Bottom line is you got the analogy wrong. They aren't virtual thieves. They're virtual terrorists.
That being said, I have no problem with personal piracy. I don't justify it, I don't say that it's a victimless crime, I don't make roundabout logic that say the 'victims' are actually getting a backhanded profit. I just don't care about the victims.
Why should I, Joe Blog, computer repair shop 40 thousand dollar a year worker, care about the woes and tribulations about a person who makes millions of a year? Am I really going to cry a river when their 15 million annual income drops to 13 million? Do I care if I pirate an enormously successful game? "But what about the crushingly hard worked game developers who toil under their publisher's whips?" Why should I care? They can be lucky to get a 5 grand bonus on a successful game, maybe a millionth of the profit will ever touch their carpel-tunneled claws. Their problem is they need a union.
There is really only one thing that I detest and that is when money is torn out of the indie and independent artists. I spent 89 dollars on the humble indie bundle (which, by the way, is the average retail price of australian games for no arbitrary reason given the dollar parity). I pay to go see the new bands show up at the local pub. I loved seeing Jonathan Coulton live during my visit to the US. If you want to make an impact with piracy, don't throw a fit because the government is in the Mafiaa's pocket, do what you can to avoid them and then support the people who really deserve it.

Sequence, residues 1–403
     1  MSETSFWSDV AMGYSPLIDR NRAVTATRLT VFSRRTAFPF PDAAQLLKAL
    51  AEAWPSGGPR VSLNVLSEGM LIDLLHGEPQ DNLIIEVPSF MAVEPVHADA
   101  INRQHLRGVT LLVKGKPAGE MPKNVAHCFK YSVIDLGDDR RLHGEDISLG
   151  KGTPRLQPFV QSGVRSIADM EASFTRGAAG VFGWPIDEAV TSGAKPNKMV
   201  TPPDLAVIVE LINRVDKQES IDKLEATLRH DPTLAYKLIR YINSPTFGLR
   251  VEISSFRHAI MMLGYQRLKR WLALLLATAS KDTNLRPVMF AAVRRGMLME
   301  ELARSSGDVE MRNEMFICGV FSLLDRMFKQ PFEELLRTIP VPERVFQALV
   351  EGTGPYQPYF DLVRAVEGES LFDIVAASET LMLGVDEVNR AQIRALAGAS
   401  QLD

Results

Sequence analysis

Even if you already bought the BetaMax, VHS, DVD, HDDVD, BluRay media before?
What about the Extended Edition, Director's Cut Edition, Deluxe Box Set, Limited Edition, Remastered Edition, and Walkie-Talkie Edition?
To the original poster: You live on planet earth. You therefore are liable to being sued by Microsoft.
I don't think you are considering it as a true Microsoft CEO. If we ever discover Martians, I'm sure Microsoft will find a way to sue them for their rich martian ambrosia.